D-Source Sports Performance and Fitness founder Ivan Jenkins—a former All-American collegiate and professional basketball player—marshals an experienced squad of certified personal trainers, therapists, and yogis that fight alongside clients in their calorie-burning battles. A cap of 100 active memberships at a time frees up equipment and allows instructors to focus on individual patrons. Guests rev up hearts, tone muscles, and build endurance in 10 different fitness and aerobics classes such as the intense full-body boot camp, the midsection-molding Ab & Glute Blast, or the Dancer's Workout that blends ballet, hip-hop, and Broadway jazz like a Juilliard student who hasn't declared a major.
To soothe overexerted anatomies, licensed therapists send stress packing with massages and reflexology treatments, which boost circulation, infusing uptight limbs with oxygen. Therapists perform the treatments in private rooms in an effort to maintain clients’ modesty and ensure minimal distraction. Reflexology treatments strategically apply pressure to hands, feet, and ears, reducing inflammation of the joints, enhancing detoxification, and displacing unfashionable stick-on toe rings.
Practice makes perfect, especially at Bikram Yoga Durham, where each class follows the exact sequence of 26 hatha yoga postures designed by Bikram Choudhury. Espousing this mantra, instructors come to class armed with their 500-hour Bikram training certifications. Held in a 105-degree studio regulated by eco-friendly heating and air-purification systems, the courses begin with standing postures and transition into mat poses, a progression that works the entire physique more effectively than performing jumping jacks on a treadmill. Students of all fitness levels can jump into the toasty fray, exercising as the heat detoxifies systems, enhances flexibility, and increases heart rates for a cardio workout.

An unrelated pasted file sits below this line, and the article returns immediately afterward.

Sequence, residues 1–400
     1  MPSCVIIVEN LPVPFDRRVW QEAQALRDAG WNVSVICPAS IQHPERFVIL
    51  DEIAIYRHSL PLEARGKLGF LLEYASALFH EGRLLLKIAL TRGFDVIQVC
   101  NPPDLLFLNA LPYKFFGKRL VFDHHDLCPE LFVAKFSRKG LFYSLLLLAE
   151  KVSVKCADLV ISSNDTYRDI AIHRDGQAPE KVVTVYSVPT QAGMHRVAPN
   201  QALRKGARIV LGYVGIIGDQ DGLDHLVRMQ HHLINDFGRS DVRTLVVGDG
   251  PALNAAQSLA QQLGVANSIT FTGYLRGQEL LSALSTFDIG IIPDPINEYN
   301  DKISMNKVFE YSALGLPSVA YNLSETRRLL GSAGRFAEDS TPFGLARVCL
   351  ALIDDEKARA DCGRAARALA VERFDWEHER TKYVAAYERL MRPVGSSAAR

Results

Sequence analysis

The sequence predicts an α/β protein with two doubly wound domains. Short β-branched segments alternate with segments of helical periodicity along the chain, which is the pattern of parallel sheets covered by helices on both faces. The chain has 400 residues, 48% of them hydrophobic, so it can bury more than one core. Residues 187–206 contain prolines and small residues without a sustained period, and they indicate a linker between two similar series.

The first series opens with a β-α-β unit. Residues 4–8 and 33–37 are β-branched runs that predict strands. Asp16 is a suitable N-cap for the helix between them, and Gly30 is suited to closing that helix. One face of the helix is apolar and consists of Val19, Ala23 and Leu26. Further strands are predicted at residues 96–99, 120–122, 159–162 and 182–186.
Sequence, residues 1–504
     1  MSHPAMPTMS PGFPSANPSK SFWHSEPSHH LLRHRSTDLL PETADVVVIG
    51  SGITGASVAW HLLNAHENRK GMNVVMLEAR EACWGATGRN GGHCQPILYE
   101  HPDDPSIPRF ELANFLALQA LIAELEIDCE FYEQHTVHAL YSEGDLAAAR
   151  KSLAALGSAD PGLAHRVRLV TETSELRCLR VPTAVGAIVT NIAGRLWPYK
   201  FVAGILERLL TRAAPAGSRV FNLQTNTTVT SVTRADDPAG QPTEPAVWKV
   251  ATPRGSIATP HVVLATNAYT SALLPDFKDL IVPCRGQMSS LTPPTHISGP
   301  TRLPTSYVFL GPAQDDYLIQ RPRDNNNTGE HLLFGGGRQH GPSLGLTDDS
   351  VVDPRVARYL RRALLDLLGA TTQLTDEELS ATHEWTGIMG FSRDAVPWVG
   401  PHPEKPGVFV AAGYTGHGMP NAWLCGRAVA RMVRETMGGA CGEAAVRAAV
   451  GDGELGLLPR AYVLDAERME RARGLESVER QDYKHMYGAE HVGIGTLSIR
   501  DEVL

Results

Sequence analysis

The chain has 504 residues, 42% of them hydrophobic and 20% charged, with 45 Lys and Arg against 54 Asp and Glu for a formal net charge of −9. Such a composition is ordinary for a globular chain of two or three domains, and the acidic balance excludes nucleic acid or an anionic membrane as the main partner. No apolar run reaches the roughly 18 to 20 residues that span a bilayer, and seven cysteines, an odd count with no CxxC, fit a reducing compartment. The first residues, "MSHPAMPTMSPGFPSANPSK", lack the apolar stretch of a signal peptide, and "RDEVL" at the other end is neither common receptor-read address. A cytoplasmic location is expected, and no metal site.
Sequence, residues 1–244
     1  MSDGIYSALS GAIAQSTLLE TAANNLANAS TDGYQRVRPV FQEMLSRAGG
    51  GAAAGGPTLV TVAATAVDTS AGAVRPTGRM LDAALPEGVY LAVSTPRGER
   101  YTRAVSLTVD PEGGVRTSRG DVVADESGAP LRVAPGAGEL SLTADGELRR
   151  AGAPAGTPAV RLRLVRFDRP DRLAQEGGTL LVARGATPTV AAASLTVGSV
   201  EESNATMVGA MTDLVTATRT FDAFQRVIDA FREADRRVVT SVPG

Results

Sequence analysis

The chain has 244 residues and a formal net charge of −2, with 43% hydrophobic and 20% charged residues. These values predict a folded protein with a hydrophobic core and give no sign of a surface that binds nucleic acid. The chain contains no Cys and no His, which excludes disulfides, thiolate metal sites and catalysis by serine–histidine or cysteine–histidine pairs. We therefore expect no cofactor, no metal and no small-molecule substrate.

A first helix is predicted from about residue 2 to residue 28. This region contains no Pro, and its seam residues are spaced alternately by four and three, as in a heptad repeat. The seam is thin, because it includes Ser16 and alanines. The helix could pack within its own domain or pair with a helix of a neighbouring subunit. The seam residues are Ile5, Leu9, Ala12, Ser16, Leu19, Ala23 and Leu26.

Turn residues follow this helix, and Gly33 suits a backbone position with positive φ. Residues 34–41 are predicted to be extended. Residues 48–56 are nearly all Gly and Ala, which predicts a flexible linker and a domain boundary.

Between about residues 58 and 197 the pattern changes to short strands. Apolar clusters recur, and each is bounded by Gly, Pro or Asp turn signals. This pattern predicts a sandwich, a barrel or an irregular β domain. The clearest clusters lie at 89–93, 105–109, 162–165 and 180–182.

Inside SYNCSTUDIO's cycling room students stand on stationary bicycles, moving their upper bodies in time with one another and the music in an effort to tone their cores and strengthen their legs. Meanwhile in the yoga studios, students move through poses designed to reduce stress, build strength, and burn calories. Other programs offered—including kettlebell training, TRX-suspension classes, and circuit training—aspire to promote total-body wellness. In addition to these fitness programs, sports nutritionists onsite can tailor individual diet plans to help members keep their bodies as harmonized and balanced as a tightrope-walking barbershop quartet.
Tease Fitness Boutique isn’t a gym, and it isn't quite a dance studio. It’s a nonjudgmental fitness studio where women of all shapes and sizes can shimmy, slide, and kick calories—along with the monotony of standard workouts—to the curb. With a schedule filled with burlesque, flirty pole-fitness, boot-camp, and cardio classes, Vertical Tease tempts gals to enjoy their exercise routines, as the staff know that sticking to a workout, like playing catch with a baby black bear, can become difficult after a few months. Classes rotate every six weeks and are always kept small so that instructors can lavish each participant with personal attention.